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U.S. Weekly Jobless Claims Unexpectedly Drop Below 200,000


A report released by the Labor Department on Thursday unexpectedly showed a decrease in first-time claims for U.S. unemployment benefits in the week ended January 14th.

The Labor Department said initial jobless claims fell to 190,000, a decrease of 15,000 from the previous week’s unrevised level of 205,000. The dip surprised economists, who had expected jobless claims to rise to 214,000.

With the expected drop, initial jobless claims declined to their lowest level since hitting a matching figure in the week ended September 24th.

“While initial jobless claims continue to be noisy due to seasonal adjustment factors, the unexpected drop in the latest week is a frustrating reminder for the Fed that the labor market remains tight as employers hold onto workers,” said Matthew Martin, US Economist at Oxford Economics.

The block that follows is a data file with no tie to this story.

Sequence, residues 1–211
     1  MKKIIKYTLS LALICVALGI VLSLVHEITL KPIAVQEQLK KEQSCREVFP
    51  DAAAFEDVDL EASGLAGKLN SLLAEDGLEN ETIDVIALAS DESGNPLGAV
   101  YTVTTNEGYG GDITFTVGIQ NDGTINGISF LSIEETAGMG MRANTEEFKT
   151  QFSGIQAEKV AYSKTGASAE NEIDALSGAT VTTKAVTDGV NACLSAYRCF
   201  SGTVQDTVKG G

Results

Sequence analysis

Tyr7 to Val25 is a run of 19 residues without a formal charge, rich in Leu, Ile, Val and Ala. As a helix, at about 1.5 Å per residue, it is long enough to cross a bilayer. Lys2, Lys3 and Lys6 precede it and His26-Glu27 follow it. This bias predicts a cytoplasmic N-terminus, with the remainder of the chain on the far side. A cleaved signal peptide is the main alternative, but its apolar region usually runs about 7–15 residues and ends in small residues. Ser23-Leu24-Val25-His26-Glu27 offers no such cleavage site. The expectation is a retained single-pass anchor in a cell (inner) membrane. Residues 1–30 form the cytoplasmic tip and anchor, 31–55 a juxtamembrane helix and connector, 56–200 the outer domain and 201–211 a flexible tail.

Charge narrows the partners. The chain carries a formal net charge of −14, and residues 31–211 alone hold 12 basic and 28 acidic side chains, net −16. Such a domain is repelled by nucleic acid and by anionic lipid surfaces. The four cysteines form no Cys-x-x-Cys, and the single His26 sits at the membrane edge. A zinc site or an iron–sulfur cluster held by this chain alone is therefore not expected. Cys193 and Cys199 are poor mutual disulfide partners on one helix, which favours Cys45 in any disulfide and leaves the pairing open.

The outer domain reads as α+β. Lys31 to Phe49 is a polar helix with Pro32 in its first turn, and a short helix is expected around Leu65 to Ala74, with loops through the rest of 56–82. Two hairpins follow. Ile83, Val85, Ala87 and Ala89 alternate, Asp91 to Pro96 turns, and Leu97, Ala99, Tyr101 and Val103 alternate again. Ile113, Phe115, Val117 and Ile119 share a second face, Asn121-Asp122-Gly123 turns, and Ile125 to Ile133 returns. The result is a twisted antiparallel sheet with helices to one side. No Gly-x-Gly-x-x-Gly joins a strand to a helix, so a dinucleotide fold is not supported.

He added, “Our forecast assumes one more 25bps rate hike at the conclusion of the upcoming FOMC meeting, but we see risks as skewed toward additional rate hikes.”

The report said the less volatile four-week moving average also edged down to 206,000, a decrease of 6,500 from the previous week’s unrevised average of 212,500.

Meanwhile, the Labor Department said continuing claims, a reading on the number of people receiving ongoing unemployment assistance, rose by 17,000 to 1.647 million in the week ended January t7h.

The four-week moving average of continuing claims still dipped to 1,673,000, a decrease of 5,500 from the previous week’s revised average of 1,678,500.

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